Vaccinate-assess-move method of mass canine rabies vaccination utilising mobile technology data collection in Ranchi, India.

Gibson AD, Ohal P, Shervell K, Handel IG, Bronsvoort BM, Mellanby RJ, Gamble L - BMC Infect. Dis. (2015)

Map of Ranchi showing ward boundaries and area of study, reproduced manually in QGIS from Ranchi Municipal Corporation ward map. Map data ©2015 Google Maps
© Copyright Policy - OpenAccess
Related In: Results  -  Collection

License 1 - License 2
Show All Figures
getmorefigures.php?uid=PMC4696259&req=5

Fig1: Map of Ranchi showing ward boundaries and area of study, reproduced manually in QGIS from Ranchi Municipal Corporation ward map. Map data ©2015 Google Maps
Mentions: Ranchi (23°22′N, 85°20′E) is the capital city of the North East Indian state of Jharkhand, with an urban human population of 1.07 million people [14]. The region has a humid subtropical climate with highest rainfall between June and September. The city is divided into 55 administrative wards (Fig. 1) and has a large free roaming dog population. Mission Rabies works in partnership with the local non-governmental organisation HOPE & Animal Trust which was established in 2000 in response to the perceived high level of suffering seen in the free roaming dog population and the lack of local veterinary services accessible to these animals. HOPE & Animal Trust focuses on sterilization of dogs and cats, and rehabilitation and rehoming of animals that cannot be safely return to their point of capture. HOPE & Animal Trust have a Memorandum of Understanding with Ranchi Municipal Corporation to conduct mass rabies vaccination and sterilization of dogs within Ranchi Municipality. Dogs included in the study were those vaccinated, marked and released (VMR) by roaming vaccination teams and those sterilized as a part of the catch-neuter-vaccinate-return (CNVR) programme which ran in parallel to the rotating vaccination work. The study period was from 5th December 2014 to 16th April 2015. During this period 94 days were spent administering rabies vaccinations.Fig. 1

Bottom Line: In this study, we utilised a catch-vaccinate-release approach in a canine rabies vaccination programme in 18 wards in Ranchi, India.In areas where coverage was below 70 %, catching teams were re-deployed to vaccinate more dogs followed by repeat survey.Our study demonstrated that mobile technology enabled efficient team management and rapid data entry and analysis.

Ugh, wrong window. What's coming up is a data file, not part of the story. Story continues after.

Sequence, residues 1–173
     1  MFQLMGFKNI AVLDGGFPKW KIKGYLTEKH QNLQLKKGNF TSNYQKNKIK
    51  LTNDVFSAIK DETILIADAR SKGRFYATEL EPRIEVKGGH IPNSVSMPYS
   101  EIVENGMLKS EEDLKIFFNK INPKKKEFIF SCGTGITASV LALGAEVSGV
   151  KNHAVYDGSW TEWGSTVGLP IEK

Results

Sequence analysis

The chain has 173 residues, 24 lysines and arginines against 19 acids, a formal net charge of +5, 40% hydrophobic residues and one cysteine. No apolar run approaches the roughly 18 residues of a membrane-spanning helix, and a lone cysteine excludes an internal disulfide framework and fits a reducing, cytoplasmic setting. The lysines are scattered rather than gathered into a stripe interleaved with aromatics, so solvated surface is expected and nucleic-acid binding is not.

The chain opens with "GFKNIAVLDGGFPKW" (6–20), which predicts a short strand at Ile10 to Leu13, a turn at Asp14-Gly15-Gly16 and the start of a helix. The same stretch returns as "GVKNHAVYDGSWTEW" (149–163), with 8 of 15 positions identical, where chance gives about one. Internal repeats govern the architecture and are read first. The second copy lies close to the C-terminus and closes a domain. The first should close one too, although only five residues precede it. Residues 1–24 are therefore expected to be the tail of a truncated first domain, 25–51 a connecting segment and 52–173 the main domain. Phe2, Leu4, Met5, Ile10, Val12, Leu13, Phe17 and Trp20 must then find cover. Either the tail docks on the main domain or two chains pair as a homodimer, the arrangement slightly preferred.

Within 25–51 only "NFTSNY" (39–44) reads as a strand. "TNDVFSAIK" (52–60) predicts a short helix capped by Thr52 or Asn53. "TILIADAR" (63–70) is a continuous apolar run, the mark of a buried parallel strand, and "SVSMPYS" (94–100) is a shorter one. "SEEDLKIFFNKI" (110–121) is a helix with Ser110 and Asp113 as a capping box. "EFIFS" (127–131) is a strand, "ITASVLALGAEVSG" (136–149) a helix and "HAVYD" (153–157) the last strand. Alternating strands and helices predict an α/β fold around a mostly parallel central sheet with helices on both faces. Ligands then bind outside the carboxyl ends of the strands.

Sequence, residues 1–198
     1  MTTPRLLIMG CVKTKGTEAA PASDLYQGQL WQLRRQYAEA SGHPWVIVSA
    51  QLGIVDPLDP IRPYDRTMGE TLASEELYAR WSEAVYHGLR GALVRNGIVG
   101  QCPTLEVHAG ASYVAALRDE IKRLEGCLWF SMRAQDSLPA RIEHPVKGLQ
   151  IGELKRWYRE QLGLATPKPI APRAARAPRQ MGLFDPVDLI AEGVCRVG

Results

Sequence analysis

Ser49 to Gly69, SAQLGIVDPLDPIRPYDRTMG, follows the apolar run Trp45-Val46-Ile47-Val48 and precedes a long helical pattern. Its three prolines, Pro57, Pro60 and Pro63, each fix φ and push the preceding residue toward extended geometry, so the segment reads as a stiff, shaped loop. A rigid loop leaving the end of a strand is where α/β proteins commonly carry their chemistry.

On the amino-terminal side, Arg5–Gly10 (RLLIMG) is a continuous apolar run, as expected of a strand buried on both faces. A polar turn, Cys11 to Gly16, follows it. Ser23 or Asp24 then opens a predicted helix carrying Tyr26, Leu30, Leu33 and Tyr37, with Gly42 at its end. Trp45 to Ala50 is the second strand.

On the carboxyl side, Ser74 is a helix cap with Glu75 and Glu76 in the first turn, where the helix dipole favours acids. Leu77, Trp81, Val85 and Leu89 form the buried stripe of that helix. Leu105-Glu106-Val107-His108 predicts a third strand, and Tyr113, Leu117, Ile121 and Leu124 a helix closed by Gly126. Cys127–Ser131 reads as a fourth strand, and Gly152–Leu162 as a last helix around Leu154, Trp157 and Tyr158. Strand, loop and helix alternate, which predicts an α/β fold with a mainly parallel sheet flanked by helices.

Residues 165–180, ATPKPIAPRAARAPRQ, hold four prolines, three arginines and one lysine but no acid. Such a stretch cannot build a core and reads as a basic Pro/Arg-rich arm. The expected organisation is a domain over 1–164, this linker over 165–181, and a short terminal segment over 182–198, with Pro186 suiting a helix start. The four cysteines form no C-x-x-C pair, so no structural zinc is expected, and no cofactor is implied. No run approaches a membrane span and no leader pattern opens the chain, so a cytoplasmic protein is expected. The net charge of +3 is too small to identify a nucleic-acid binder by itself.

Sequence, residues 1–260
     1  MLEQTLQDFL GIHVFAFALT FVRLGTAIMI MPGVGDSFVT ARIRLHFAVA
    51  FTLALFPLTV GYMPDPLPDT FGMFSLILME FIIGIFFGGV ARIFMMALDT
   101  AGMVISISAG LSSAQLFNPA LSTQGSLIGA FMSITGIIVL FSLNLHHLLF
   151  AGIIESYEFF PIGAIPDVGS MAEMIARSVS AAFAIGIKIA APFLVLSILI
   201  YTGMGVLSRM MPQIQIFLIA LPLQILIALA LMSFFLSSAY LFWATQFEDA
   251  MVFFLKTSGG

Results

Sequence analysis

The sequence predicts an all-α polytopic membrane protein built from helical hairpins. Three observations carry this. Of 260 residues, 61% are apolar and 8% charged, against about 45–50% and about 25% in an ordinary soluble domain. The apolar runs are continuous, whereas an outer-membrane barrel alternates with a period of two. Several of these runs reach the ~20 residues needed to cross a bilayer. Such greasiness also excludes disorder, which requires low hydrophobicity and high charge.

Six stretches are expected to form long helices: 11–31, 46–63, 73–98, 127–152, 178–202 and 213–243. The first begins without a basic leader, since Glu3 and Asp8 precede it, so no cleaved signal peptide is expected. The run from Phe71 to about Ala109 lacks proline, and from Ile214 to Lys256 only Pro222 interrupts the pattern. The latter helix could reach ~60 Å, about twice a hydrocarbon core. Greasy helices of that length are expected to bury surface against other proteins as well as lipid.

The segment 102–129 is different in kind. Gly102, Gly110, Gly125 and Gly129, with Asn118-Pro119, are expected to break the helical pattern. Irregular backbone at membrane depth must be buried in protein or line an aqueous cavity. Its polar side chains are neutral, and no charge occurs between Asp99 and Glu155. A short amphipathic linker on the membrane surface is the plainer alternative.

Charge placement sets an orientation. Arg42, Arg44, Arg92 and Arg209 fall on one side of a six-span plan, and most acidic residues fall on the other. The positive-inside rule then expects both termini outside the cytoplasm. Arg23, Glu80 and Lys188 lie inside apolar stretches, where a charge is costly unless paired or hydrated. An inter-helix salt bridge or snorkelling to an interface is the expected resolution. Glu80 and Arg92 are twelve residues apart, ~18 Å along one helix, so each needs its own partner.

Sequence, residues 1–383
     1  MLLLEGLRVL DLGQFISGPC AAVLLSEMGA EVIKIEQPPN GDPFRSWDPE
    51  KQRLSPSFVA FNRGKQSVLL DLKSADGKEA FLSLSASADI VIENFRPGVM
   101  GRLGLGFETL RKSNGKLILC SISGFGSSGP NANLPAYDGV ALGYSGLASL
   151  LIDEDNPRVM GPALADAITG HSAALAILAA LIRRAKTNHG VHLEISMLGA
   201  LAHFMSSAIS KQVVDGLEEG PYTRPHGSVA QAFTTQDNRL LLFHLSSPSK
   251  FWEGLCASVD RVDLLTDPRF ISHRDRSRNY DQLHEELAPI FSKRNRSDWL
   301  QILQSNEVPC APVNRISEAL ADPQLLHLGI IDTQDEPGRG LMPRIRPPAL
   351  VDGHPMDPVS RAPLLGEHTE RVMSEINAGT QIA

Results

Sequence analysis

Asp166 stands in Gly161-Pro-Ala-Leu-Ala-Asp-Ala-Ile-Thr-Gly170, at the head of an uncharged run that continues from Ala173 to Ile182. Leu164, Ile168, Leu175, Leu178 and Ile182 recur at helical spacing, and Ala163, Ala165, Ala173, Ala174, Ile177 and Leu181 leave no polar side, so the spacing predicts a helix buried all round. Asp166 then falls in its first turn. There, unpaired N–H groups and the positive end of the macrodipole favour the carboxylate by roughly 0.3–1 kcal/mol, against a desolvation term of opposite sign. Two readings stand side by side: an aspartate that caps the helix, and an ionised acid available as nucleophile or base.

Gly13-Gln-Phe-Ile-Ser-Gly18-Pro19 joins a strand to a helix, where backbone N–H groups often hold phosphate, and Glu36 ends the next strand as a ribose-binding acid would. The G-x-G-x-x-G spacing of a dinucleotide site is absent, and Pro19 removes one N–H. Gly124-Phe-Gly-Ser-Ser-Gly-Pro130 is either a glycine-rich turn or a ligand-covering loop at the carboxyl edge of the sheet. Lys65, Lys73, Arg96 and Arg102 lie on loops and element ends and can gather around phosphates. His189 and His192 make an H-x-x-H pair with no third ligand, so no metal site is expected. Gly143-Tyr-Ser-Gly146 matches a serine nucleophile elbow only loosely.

View Article: PubMed Central - PubMed

Affiliation: Mission Rabies, 4 Castle Street, Cranborne, BH21 5PZ, Dorest, UK.

ABSTRACT

Background: Over 20,000 people die from rabies each year in India. At least 95 % of people contract rabies from an infected dog. Annual vaccination of over 70 % of the dog population has eliminated both canine and human rabies in many countries. Despite having the highest burden of rabies in the world, there have been very few studies which have reported the successful, large scale vaccination of dogs in India. Furthermore, many Indian canine rabies vaccination programmes have not achieved high vaccine coverage.

Methods: In this study, we utilised a catch-vaccinate-release approach in a canine rabies vaccination programme in 18 wards in Ranchi, India. Following vaccination, surveys of the number of marked, vaccinated and unmarked, unvaccinated dogs were undertaken. A bespoke smartphone 'Mission Rabies' application was developed to facilitate data entry and team management. This enabled GPS capture of the location of all vaccinated dogs and dogs sighted on post vaccination surveys. In areas where coverage was below 70 %, catching teams were re-deployed to vaccinate more dogs followed by repeat survey.

Results: During the initial vaccination cycle, 6593 dogs were vaccinated. Vaccination coverage was over 70 % in 14 of the 18 wards. A second cycle of vaccination was performed in the 4 wards where initial vaccination coverage was below 70 %. Following this second round of vaccination, coverage was reassessed and found to be over 70 % in two wards and only just below 70 % in the final two wards (66.7 % and 68.2 %, respectively).

Conclusion: Our study demonstrated that mobile technology enabled efficient team management and rapid data entry and analysis. The vaccination approach outlined in this study has the potential to facilitate the rapid vaccination of large numbers of dogs at a high coverage in free roaming dog populations in India.

Show MeSH
Related in: MedlinePlus